CBJ - April 2009 #01. Permanent disbarment rule sent to Supreme Court - again.

Author:By Nancy McCarthy

California Bar Journal


CBJ - April 2009 #01.

Permanent disbarment rule sent to Supreme Court - again

California Bar Journal April 2009 Permanent disbarment rule sent to Supreme Court - againBy Nancy McCarthyStaff WriterAttorneys who have been disbarred twice will lose their license permanently if the Supreme Court approves a proposal from the State Bar Board of Governors. A stronger proposal, approved by the board in 2006 that would have resulted in permanent disbarment for lawyers who commit particularly egregious misconduct, was dropped. But the board added a requirement that lawyers who seek reinstatement after disbarment or resignation must pass the attorneys' bar exam.

The measures, which will amend the rules of court and the rules of procedure, were adopted unanimously last month with little discussion.

When the bar sought comment about the proposals, it received only four comments; two offered support, a third expressed support for permanent disbarment and said the new proposals did not go far enough, and the fourth was opposed to permanent disbarment.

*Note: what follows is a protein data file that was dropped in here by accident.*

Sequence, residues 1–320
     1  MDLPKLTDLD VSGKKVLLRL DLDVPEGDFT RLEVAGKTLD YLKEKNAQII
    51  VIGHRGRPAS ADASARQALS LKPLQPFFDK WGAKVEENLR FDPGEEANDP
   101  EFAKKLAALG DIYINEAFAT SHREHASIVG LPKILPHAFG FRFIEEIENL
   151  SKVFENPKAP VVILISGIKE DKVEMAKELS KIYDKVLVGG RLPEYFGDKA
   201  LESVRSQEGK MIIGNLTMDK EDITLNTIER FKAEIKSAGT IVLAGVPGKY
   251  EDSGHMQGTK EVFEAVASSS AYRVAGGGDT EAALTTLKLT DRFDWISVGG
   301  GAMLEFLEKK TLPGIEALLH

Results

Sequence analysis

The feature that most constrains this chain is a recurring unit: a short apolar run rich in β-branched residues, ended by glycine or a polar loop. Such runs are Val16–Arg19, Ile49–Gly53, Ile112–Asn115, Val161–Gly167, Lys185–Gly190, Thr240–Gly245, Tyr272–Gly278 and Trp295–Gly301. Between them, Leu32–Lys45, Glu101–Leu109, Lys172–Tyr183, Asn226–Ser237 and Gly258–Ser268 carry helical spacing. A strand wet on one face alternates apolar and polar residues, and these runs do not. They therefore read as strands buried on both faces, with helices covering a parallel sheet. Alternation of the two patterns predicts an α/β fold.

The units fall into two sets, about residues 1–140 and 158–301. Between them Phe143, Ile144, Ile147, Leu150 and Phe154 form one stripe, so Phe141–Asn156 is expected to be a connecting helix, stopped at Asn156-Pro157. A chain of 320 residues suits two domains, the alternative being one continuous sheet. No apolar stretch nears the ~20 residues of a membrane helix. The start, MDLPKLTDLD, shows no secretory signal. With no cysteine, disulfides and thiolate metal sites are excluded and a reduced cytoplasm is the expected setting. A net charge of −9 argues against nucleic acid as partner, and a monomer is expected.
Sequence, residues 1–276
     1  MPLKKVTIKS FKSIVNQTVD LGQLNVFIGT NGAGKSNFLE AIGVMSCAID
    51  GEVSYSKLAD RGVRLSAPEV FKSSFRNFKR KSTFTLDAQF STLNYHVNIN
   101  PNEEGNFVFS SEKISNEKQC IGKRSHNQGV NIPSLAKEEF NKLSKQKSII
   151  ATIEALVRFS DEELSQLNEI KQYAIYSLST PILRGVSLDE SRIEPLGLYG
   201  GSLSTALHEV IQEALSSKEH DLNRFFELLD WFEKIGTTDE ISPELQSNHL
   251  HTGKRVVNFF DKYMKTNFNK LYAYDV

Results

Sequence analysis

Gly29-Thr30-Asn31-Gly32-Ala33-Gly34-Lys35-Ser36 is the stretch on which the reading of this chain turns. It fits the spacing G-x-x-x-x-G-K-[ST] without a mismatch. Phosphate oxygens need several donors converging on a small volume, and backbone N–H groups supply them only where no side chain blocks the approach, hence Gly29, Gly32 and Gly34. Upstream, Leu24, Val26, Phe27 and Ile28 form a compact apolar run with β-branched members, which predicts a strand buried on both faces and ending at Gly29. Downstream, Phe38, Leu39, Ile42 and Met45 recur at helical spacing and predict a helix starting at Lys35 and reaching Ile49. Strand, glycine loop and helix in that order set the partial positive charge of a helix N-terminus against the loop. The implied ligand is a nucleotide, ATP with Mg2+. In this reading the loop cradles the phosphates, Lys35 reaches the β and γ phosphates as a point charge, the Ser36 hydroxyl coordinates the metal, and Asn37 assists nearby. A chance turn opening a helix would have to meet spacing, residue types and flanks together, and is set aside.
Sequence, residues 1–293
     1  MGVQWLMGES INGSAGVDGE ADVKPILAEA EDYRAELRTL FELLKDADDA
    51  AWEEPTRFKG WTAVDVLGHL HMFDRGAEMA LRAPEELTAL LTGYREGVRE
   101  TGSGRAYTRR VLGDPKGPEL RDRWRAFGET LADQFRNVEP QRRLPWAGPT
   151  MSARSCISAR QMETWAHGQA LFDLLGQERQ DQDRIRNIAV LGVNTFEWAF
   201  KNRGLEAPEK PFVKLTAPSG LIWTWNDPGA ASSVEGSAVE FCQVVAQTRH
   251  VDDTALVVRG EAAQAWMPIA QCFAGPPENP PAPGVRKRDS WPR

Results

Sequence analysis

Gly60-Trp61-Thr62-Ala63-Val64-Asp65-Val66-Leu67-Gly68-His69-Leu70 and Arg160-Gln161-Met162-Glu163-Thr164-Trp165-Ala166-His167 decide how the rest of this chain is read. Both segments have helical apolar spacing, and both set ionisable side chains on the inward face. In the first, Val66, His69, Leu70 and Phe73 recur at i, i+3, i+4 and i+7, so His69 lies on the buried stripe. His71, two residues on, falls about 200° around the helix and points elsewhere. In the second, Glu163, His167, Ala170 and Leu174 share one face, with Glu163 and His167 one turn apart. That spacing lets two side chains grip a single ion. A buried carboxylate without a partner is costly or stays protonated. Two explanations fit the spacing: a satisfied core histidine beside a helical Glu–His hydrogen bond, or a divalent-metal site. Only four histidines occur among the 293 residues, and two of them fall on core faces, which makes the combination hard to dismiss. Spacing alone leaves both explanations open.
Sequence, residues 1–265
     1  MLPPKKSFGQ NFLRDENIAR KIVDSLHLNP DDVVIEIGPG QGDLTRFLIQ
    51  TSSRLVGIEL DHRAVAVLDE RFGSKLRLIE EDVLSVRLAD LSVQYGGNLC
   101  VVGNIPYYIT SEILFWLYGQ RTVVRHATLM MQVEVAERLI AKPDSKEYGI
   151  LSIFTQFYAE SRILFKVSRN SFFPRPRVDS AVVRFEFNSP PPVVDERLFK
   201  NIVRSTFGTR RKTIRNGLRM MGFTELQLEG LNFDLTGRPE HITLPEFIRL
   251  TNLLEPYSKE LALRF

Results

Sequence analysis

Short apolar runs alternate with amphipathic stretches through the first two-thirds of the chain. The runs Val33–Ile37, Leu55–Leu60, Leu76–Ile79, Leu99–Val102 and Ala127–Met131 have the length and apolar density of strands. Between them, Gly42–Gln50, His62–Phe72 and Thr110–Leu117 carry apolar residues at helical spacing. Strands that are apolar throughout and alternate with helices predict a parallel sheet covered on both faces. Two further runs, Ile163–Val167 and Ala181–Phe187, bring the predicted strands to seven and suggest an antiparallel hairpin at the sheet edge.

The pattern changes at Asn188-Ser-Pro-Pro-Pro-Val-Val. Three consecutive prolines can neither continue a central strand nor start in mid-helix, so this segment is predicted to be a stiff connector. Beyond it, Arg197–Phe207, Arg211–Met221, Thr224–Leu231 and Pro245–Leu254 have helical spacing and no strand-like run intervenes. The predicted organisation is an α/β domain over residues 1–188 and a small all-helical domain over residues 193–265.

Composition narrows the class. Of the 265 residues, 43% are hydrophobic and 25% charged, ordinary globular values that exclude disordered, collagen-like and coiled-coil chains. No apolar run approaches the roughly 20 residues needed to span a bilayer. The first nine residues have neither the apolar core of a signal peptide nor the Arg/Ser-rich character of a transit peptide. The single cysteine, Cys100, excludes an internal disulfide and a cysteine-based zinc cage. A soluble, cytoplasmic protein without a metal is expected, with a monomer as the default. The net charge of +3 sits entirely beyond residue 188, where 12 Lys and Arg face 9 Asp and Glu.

The idea of permanently barring the door to the legal profession surfaced in 2005, after Pacific Palisades attorney Ronald Silverton was disbarred a second time. Six other lawyers have been disbarred twice.

At that time, the high court asked the bar to revisit a 1996 permanent disbarment proposal that the court had ordered suspended. The board then approved a list of seven guidelines that could result in the permanent loss of a lawyer's license, including stealing client funds, conviction of a crime of public malfeasance, engaging in the unauthorized practice of law, and engaging in conduct "that is so egregious that the member should be permanently disbarred."

It also recommended that attorneys seeking reinstatement pass the attorneys' exam. A proposal to extend the waiting period for reinstatement from five years to seven years was dropped.

Last year, the Supreme Court indicated it favored a narrower rule and the proposal was scaled back significantly.

Chief Trial Counsel Scott Drexel, a longtime proponent of permanent disbarment, said the requirement to pass the attorneys' exam offers a more objective standard for reinstatement than currently exists. Attorneys seeking to regain their license after disbarment or resignation with charges pending need only...

To continue reading